Animation Wednesday: Sym-Bionic Titan

This post is part of the Animation Wednesday series, a weekly column which looks at animated TV series and movies of the past, present and future.

Animation is a funny industry.  It’s primarily marketed towards children, and often used to market toys and other products.  This means that a lot of shows are kind of factory-assembled, designed to cash in on current trends and hold kids’ fleeting attention spans.  This is all fine, of course.  I’m not going to insist that every show be a thought-provoking, high-production tour de force with deep content for any age group.  But it does mean that there’s not always a lot of room for experimentation, and the kind of personal visions of directors that film or television allow for.

Genndy Tartakovsky is one such director. Tartakovsky has had a rather prolific career at Cartoon Network, creating 2 Stupid Dogs, Dexter’s Laboratory, and The Powerpuff Girls with former CalArts classmate Craig McCracken.  All three shows were highly successful, and Tartakovsky expanded his style to action cartoons Samurai Jack and Star Wars: Clone Wars.  These also found critical acclaim, and in 2010 Tartakovsky premiered his latest animated series, Sym-Bionic Titan.

Sym-Bionic Titan is a sci-fi action series which follows the story of Ilana, Lance and Octus, three refugees from the war-torn planet Galaluna who must blend in as teenagers on Earth.  However, the evil General Modula will stop at nothing to hunt down Ilana, the crown princess of Galaluna, using his Muttradi Mega-Beasts.  Our heroes must use their battle armors to fight the creatures, often combining into Sym-Bionic Titan, a powerful, mysterious giant robot.

If it sounds complicated, it’s really not.  It’s a basic action comedy-drama in the vein of Smallville or Buffy, The Vampire Slayer (or really, any show in which the lead has to take “bathroom breaks” to go fight bad guys).  The show follows a pretty standard villain of the week format, with the leads spending their spare time joining bands and cheerleading teams and doing other teen stuff.  It’s well-handled, and it plays with tropes like “nerd tutors hot girl” and “going to the homecoming dance” without resorting to tired clichés.  The monster fights are suitably huge and reminiscent of Saturday morning tokusatsu shows.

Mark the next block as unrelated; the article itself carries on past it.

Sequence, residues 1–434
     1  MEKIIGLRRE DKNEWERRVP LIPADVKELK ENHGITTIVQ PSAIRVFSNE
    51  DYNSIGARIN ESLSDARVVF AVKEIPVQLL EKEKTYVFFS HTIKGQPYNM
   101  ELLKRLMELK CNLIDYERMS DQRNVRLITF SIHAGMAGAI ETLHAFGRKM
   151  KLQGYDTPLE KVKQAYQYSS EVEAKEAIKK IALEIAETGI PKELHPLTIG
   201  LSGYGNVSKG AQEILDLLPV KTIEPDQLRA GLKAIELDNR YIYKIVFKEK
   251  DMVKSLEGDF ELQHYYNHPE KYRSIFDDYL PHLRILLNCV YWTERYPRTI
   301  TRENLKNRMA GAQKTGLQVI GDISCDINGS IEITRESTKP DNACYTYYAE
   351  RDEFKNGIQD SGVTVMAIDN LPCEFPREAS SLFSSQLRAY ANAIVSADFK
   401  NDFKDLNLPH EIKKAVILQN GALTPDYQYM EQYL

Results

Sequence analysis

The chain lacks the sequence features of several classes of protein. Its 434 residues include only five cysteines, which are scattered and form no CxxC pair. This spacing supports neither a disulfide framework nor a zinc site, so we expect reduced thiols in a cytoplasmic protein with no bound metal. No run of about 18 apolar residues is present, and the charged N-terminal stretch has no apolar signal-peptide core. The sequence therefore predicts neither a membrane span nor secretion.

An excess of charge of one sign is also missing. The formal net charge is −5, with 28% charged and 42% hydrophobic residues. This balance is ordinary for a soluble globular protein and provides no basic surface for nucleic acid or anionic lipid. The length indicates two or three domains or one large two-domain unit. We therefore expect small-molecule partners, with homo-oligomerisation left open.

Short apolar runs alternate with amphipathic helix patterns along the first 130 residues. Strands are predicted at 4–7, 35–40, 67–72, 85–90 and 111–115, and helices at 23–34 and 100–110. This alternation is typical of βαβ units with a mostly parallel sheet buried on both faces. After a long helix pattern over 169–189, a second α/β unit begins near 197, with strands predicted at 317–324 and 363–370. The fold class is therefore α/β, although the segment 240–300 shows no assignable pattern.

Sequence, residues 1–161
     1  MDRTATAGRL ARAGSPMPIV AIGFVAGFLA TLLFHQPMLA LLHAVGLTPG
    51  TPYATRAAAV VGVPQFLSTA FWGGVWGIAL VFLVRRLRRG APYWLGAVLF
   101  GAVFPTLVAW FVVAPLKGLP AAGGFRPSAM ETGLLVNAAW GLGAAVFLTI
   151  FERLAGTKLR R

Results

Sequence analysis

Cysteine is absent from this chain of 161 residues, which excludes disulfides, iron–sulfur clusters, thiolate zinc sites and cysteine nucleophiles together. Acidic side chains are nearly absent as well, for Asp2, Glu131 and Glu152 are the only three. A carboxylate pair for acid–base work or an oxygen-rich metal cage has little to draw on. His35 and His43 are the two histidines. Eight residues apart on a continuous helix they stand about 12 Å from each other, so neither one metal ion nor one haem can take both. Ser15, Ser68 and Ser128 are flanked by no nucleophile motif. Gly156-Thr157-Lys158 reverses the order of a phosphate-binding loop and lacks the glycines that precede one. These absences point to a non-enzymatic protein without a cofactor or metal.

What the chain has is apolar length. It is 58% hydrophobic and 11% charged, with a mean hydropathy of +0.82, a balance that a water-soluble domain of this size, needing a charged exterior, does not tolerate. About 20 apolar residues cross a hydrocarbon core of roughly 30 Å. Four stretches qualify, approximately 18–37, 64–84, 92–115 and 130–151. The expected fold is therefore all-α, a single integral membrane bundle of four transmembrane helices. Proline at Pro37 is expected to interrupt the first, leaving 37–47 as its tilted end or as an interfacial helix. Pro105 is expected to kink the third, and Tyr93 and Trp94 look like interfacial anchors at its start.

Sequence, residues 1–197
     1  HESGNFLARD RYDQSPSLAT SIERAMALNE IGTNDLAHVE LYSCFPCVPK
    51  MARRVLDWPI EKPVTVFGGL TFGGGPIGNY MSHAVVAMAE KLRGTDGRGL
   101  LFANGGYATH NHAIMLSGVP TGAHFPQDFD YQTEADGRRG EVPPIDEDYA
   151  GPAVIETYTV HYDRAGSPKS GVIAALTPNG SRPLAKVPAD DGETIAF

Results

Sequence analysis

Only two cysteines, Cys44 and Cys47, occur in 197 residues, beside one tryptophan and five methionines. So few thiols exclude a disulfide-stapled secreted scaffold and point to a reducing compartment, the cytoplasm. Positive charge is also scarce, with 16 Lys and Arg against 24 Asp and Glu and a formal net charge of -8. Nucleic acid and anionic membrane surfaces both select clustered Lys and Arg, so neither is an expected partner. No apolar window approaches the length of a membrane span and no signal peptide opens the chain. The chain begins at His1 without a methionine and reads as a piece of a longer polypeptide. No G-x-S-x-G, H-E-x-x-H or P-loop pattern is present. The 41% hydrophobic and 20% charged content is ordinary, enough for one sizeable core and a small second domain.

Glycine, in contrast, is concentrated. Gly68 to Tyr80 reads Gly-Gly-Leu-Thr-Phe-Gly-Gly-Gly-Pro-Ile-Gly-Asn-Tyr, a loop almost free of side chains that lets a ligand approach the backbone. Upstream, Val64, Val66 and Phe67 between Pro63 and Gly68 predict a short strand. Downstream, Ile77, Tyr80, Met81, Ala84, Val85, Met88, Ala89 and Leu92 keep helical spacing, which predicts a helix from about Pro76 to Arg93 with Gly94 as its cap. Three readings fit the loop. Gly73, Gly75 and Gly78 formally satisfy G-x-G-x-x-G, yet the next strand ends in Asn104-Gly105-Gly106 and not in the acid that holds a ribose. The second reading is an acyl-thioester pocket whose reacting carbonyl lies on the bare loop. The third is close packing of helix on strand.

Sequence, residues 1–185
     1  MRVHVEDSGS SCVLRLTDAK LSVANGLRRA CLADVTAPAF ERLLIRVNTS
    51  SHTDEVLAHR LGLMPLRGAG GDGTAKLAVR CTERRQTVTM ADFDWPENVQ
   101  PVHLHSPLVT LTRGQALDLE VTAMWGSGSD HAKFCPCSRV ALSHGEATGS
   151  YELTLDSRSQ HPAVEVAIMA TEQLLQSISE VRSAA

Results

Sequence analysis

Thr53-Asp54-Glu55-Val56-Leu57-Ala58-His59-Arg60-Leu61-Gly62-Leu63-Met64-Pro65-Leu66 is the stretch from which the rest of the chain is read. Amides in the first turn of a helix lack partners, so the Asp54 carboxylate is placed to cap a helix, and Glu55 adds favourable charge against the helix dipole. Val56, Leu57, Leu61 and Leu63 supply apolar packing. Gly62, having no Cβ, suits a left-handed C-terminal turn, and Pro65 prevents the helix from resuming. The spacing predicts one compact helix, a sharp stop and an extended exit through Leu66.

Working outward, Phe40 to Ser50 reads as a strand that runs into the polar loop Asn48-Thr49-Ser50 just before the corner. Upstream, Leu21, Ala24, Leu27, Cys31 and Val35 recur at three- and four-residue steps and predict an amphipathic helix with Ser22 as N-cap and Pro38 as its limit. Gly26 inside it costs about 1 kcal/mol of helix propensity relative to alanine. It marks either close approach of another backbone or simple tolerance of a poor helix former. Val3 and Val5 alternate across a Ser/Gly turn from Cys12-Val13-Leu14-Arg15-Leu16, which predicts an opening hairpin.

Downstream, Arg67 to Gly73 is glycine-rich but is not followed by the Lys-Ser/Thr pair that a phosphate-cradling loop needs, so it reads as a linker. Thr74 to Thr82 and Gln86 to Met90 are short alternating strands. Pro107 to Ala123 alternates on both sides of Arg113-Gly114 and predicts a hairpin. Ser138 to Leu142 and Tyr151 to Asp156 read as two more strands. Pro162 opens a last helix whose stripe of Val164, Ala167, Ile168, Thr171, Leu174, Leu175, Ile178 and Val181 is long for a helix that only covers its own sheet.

Probably the biggest draw for Sym-Bionic Titan is the art.  Tartakovsky is a master of character design and using interesting shapes and profiles to create personality.  The core characters are gorgeous to look at, as are the robots and even the monsters (in their own grotesque way).  The characters look just as good in motion as they do standing still.  The show doesn’t have quite as blank a canvas for incidental character and background art as Samurai Jack, but the landscapes are still diverse and artistic.  The show’s crowning visual achievement is the titular Sym-Bionic Titan, a translucent tower of purple and gold which simultaneously homages mecha of the past and strikes a breathtakingly original path.

That’s not to say that the characters aren’t top-notch or anything.  Lance takes the brooding loner archetype and makes it believable and relatable.  Ilana is at once adorably dorky and an inspiring, compassionate leader.  But the real standout character is Octus, the robot dispatched to assist the two of them.  Brian Posehn, who has made a career for himself out of playing deadpan weirdos, does a surprisingly great job of injecting humanity and pathos into an explicitly inhuman character.  The season really becomes his character arc, and a lot of the humor and emotion comes from his, as well as the other leads’, interactions with both each other and occasional side characters.

My one criticism of the show is that the first third of it feels somewhat awkwardly paced.  A lot of the great parts of Powerpuff Girls and Dexter’s Lab came from a balance of visual and dialogue-based humor and action sequences.  It’s clear from this and Samurai Jack that Tartakovsky brought the images and McCracken brought the words (the smoking gun is Foster’s Home for Imaginary Friends, which while also fun to look at is very pun and dialogue-based).  Early episodes sometimes drag or feel rushed, and the thirty minute run-time isn’t always utilized the way it could be.  This wears off as the series goes on, and by the end most episodes are engaging and satisfying.

Unfortunately, Sym-Bionic Titan only ran for twenty episodes, packaged as two ten-episode seasons.  It was critically well-received, but TV critics aren’t the ones buying action figures and T-shirts.  The show was plotted out for additional seasons, but considering its cancellation and Tartakovsky’s subsequent move to Sony Animation Studios, it’s extremely unlikely these will ever see the light of day.  Still, while the show’s run doesn’t answer every question it raises, it ends in a satisfying conclusion and doesn’t try to leverage a cliffhanger for more seasons the way a lot of shows do.  No word yet on when it’s going to be released on DVD, but it’s definitely one to keep an eye out for.

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